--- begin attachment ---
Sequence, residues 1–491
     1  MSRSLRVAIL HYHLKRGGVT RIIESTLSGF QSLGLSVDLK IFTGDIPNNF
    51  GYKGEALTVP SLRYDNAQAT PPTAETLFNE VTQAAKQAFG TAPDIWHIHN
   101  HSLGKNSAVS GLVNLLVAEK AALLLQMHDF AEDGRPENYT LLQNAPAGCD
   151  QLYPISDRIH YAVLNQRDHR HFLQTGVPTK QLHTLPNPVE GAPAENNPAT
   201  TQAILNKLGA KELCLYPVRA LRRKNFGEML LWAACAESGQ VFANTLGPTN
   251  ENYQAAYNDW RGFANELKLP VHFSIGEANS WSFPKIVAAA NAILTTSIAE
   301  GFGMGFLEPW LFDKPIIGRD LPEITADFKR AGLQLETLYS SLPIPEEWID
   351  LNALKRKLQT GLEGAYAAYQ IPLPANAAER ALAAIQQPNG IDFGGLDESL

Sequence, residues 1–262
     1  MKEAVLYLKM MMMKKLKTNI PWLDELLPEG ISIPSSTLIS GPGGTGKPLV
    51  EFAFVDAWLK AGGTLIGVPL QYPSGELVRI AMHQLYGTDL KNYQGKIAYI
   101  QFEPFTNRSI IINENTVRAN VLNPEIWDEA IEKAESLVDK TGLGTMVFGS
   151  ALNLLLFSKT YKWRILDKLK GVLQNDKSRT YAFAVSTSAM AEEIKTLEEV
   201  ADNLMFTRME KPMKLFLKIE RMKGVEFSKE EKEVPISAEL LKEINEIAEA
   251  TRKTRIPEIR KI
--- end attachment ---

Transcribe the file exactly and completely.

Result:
Sequence, residues 1–491
     1  MSRSLRVAIL HYHLKRGGVT RIIESTLSGF QSLGLSVDLK IFTGDIPNNF
    51  GYKGEALTVP SLRYDNAQAT PPTAETLFNE VTQAAKQAFG TAPDIWHIHN
   101  HSLGKNSAVS GLVNLLVAEK AALLLQMHDF AEDGRPENYT LLQNAPAGCD
   151  QLYPISDRIH YAVLNQRDHR HFLQTGVPTK QLHTLPNPVE GAPAENNPAT
   201  TQAILNKLGA KELCLYPVRA LRRKNFGEML LWAACAESGQ VFANTLGPTN
   251  ENYQAAYNDW RGFANELKLP VHFSIGEANS WSFPKIVAAA NAILTTSIAE
   301  GFGMGFLEPW LFDKPIIGRD LPEITADFKR AGLQLETLYS SLPIPEEWID
   351  LNALKRKLQT GLEGAYAAYQ IPLPANAAER ALAAIQQPNG IDFGGLDESL

Sequence, residues 1–262
     1  MKEAVLYLKM MMMKKLKTNI PWLDELLPEG ISIPSSTLIS GPGGTGKPLV
    51  EFAFVDAWLK AGGTLIGVPL QYPSGELVRI AMHQLYGTDL KNYQGKIAYI
   101  QFEPFTNRSI IINENTVRAN VLNPEIWDEA IEKAESLVDK TGLGTMVFGS
   151  ALNLLLFSKT YKWRILDKLK GVLQNDKSRT YAFAVSTSAM AEEIKTLEEV
   201  ADNLMFTRME KPMKLFLKIE RMKGVEFSKE EKEVPISAEL LKEINEIAEA
   251  TRKTRIPEIR KI